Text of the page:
October 25, 2017

Climb aboard the invective treadmill!

Filed under: Media, Politics, USA — Tags: , , , , — Nicholas @ 05:00

Megan McArdle tries to point out the urge to call everyone you don’t like a “racist” or “white supremacist” runs you the same trust risk that the boy who cried wolf did:

It’s the inverse of what Steven Pinker has dubbed “the euphemism treadmill,” where we try to find nicer words for something we don’t think is very nice, and find that the new words quickly take on all the old connotations. So “toilet,” turns into “bathroom,” then migrates onward to “rest room.” Only we still know there’s a toilet behind that door, and whatever words we use about it, our feelings don’t change.

This is why attempting to change how Americans feel about illegal migrants by changing the terms we use to describe them is a project doomed to failure; whether they are “illegal aliens” or “undocumented immigrants,” the political realities remain the same. People who feel negatively toward “illegals” feel just as negatively toward “undocumented immigrants.”

The invective treadmill works in a similar fashion, only in reverse.

[…]

During the 2016 presidential campaign, I found myself confronted by a curious problem: Many of my readers simply didn’t take it seriously when I pointed out that Donald Trump was, if not an outright racist himself, at least happily pandering to people who were.

“The media calls every Republican racist,” my conservative readers replied. “They said it about Mitt Romney, they said it about George Bush, so what’s different about Trump?”

They were right. Other columnists had accused Romney and Bush of being racist and pandering to racists. I pointed out that Trump’s racist appeals were different, and much worse, than anything that earlier Republican presidential candidates had been accused of. But it didn’t do any good. The media had cried wolf to condemn garden-variety Republicans; labels like “racist” had been rendered useless when a true threat emerged. We shouted to no avail as Trump coyly flirted with hardcore white supremacists, something no mainstream party had done for decades.

Indeed, it seems to me that critical race theorists have gone to “white supremacy” precisely because the increasingly broad uses of the word “racism” have made it less effective than it used to be at rallying moral outrage. The term still packs some wallop, but less than it once did, because it is now defined so broadly that a Broadway musical could sing “Everyone’s a Little Bit Racist.” White supremacy, on the other hand, is still clearly understood as beyond the pale.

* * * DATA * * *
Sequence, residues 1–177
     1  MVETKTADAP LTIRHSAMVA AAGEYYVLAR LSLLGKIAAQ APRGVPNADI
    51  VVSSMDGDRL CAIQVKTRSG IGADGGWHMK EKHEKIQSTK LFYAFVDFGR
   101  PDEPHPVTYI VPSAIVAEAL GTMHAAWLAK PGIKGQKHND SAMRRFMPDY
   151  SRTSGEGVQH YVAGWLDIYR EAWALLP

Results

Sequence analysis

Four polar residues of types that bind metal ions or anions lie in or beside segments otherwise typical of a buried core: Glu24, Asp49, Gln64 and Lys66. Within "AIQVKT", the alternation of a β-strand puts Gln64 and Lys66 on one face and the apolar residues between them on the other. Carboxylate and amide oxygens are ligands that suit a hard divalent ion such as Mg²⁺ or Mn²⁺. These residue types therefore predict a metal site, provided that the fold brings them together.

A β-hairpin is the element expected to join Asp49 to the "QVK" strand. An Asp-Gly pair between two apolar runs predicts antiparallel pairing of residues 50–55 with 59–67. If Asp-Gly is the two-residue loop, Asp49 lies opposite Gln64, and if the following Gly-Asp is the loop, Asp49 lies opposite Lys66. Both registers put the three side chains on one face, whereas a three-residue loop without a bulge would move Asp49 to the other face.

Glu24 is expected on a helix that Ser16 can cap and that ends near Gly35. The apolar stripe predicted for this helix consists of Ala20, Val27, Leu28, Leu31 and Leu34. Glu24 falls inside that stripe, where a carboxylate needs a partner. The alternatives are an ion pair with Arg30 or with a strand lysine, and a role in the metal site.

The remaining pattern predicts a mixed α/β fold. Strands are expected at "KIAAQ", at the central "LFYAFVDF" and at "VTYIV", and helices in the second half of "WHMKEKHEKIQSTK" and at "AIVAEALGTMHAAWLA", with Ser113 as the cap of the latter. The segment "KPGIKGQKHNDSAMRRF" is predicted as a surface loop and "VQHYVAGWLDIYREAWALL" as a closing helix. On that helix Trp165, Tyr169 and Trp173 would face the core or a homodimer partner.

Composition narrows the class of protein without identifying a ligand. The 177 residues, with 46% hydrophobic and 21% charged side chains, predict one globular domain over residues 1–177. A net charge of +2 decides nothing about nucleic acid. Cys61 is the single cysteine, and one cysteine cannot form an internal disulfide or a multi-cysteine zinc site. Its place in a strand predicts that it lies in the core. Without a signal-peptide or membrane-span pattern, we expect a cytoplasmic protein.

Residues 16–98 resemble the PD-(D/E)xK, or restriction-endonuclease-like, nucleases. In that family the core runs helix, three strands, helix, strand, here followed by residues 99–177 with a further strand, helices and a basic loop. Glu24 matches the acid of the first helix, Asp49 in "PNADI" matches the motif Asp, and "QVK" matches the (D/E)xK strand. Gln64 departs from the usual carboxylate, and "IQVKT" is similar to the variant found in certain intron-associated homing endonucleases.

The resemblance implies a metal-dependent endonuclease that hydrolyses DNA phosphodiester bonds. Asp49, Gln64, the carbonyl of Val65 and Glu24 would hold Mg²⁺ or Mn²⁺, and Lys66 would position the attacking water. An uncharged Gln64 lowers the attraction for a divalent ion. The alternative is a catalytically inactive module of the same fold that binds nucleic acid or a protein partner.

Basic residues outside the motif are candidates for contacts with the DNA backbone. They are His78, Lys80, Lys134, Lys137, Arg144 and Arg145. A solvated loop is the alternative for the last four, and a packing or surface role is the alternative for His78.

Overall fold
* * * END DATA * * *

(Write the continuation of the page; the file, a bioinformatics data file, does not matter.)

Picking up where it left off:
But if we indiscriminately apply the term to everything from the alt-right white nationalist Richard Spencer, to anyone who thinks that football players should stand for the national anthem … for how long will white supremacy still be considered beyond the pale? What happens if people accused of racism start shrugging off the epithet — or worse, embracing it? And when another Richard Spencer comes along, how will we convey how dangerous he is?

The new “movie plot threat” – The Revenge of the Return of the Bride of the Sex Trafficking Mafia

Filed under: Law, Media, USA — Tags: , , , , , — Nicholas @ 03:00

The rising moral panic over sex traffic gets a well-deserved takedown by Lenore Skenazy:

We are in the midst of a massive mommy moral panic. Across the country, mothers are writing breathless accounts on Facebook of how sex traffickers nearly snatched their children at Target/Ikea/the grocery store.

While at Sam’s Club, one such post explains, “a man came up to us and asked if the empty cart nearby was ours.…He was an African American with a shaved head.…It seemed like an innocent encounter.” Innocent, that is, until the mom and kids headed to Walmart and there was the guy again, “feverishly texting on his phone but not taking his eye off my daughter.”

It could only mean one thing, she wrote: “I have absolutely NO doubt that that man is a trafficker looking for young girls to steal and sell.”

And I have absolutely no doubt that she’s wrong. This is what security expert Bruce Schneier has dubbed a “movie plot threat” — a narrative that looks suspiciously like what you’d see at the Cineplex. The more “movie plot” a situation seems, the less likely it is to be real.

But it sells. A Facebook post by Diandra Toyos went wildly viral after she said she and her kids were followed by two men at Ikea. “I had a bad feeling,” she wrote. Fortunately, she “managed to lose them.”

Which, frankly, is what one does at Ikea, even with people one is trying not to lose. Nonetheless, the post ricocheted through the media. CBS told viewers that while experts found the scenario unlikely, “that doesn’t mean Toyos didn’t have reason to be concerned.”

Actually, it does.

October 24, 2017